> On 9/18/07, Alex Martelli <al...@mac.com> wrote:
>> Rustom Mody <rusto...@gmail.com> wrote:
>>
>> > Can someone help? Heres the non-working code
>> >
>> > def si(l):
>> > p = l.next()
>> > yield p
>> > (x for x in si(l) if x % p != 0)
>> >
>> > There should be an yield or return somewhere but cant figure it out
>>
>> Change last line to
>>
>> for x in (x for x in si(l) if x % p != 0): yield x
>
>
> Thanks but why does
>
> (yield(x) for x in si(l) if x % p != 0)
>
> not work? I would have expected generator expression to play better
> with generators.

Why should it? It evaluates the expression which returns an object that
just happens to be a generator and then as with any other expression
that isn't assigned or returned it throws away the result.

> More generally, if one wants to 'splice in' a generator into the body
> of a generator, is there no standard pythonic idiom?

Yes there is, as Alex showed you the standard python idiom for a
generator to yield all elements of an iteratable (whether it is a
generator or any other iterable) is:

for somevar in iterable: yield somevar

There have been various proposals in the past such as 'yield from
iterable', but there doesn't seem any compelling case to introduce a new
confusing syntax: the existing syntax works, and adding a special syntax
wouldn't open the door to any performance benefits since the
implementation would have to be pretty much the same (at most you would
save a couple of local variable accesses).

### Bruno Desthuilliers

Sep 18, 2007, 4:13:15 AM9/18/07
to
Lorenzo Stella a écrit :

> Hi all,
> I haven't experienced functional programming very much, but now I'm
> trying to learn Haskell and I've learned that: 1) in functional
> programming LISTS are fundmental;

Not exactly. They are used quite a lot, yes, but that's also the case in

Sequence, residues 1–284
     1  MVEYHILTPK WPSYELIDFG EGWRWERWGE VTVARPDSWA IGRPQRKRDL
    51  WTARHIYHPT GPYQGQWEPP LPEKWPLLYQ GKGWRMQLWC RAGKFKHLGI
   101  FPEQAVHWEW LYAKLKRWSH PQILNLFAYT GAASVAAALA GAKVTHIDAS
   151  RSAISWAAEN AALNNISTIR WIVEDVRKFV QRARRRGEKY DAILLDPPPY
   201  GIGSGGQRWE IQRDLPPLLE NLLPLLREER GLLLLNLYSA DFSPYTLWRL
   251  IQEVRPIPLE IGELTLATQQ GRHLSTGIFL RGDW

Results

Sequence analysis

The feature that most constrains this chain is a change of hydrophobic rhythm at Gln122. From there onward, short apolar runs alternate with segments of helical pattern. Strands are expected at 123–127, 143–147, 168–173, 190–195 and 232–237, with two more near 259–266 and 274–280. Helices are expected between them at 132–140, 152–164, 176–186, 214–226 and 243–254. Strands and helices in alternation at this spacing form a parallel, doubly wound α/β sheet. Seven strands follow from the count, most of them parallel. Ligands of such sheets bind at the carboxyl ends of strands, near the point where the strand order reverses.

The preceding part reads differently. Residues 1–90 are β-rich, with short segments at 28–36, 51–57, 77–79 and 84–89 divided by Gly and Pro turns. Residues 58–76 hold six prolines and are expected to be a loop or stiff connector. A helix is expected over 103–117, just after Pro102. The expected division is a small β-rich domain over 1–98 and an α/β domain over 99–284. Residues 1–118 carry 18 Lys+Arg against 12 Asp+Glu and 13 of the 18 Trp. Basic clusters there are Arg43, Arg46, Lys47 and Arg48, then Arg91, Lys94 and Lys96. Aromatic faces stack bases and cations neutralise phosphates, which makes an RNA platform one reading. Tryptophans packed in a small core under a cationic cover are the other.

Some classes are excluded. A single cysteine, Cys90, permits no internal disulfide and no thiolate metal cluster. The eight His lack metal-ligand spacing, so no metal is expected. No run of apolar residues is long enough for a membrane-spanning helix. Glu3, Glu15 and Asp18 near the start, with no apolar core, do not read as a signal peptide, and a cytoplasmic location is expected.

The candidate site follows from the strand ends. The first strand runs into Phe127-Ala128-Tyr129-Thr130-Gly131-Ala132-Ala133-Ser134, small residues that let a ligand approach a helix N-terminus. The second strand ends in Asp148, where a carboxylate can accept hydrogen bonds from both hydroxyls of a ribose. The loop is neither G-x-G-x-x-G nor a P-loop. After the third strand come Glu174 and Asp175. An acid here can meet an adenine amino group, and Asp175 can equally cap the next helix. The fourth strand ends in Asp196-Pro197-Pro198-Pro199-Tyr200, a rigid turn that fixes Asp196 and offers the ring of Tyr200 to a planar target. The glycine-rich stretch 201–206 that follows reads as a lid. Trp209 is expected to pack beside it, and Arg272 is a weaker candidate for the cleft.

other paradigms. What's important in functional programming is *functions*.

> 2) any "cycle" in FP become
> recursion.

FP idioms tends to use recursion instead of iteration, yes. But that's
only viable with implementations doing tail-recursion optimisation -
which is not the case with CPython (not that it couldn't FWIW - it's a
design choice, and one of the few I don't necessarily agree with).

> I also know that Python got some useful tool such as map, filter,
> reduce...

And all there itertools versions...

> so I told: "let's try some FP-style programming with
> Python!".

Most of the functional constructs that makes sens in Python are already
idiomatic. And some common functional stuff are better reimplemented the
pythonic way - as an example, while partial application is usually
implemented with closures, and *can* indeed be implemented that way in
Python, the class-based implementation is IMHO much better.

> I took a little example of Haskell:
>
> listprimes :: Integer -> [Integer]
> listprimes n = if n == 0 then sieve [2..] else sieve [2..(n-1)]
> where
> sieve [] = []
> sieve (p:xs) = p : sieve (filter (\x -> mod x p > 0) xs)
>
> and I tried to "translate" it in Python:
>
> def sieve(s):
> if s == []:
> return []
> else:
> return [s[0]] + sieve(filter((lambda x: x % s[0] > 0),
> s[1:]))
>
> def listprimes(n):
> return sieve(range(2,n))
>
> These should be almost the same: listprimes actually lists prime
> integers up to n-1. The result is: Haskell implementation works well,
> maybe it's not the better way to do it, but it does what I wanted.
> Python implementation gives me
>
> RuntimeError: maximum recursion depth exceeded in cmp
>
> My question is: how can we call a language "functional" if it's major
> implementation has a limited stack? Or is my code wrong?

Strictly speaking, a language is functional if it has functions as first
class objects. Period. According to this definition, Python is a
functional language. Now that doesn't mean you should try to write
Haskell in Python... IOW, your code is not "wrong", but it's certainly
not the best way to implement such an algorithm in Python.

### Paul Rudin

Sep 18, 2007, 4:44:59 AM9/18/07
to
Lorenzo Stella <lore...@gmail.com> writes: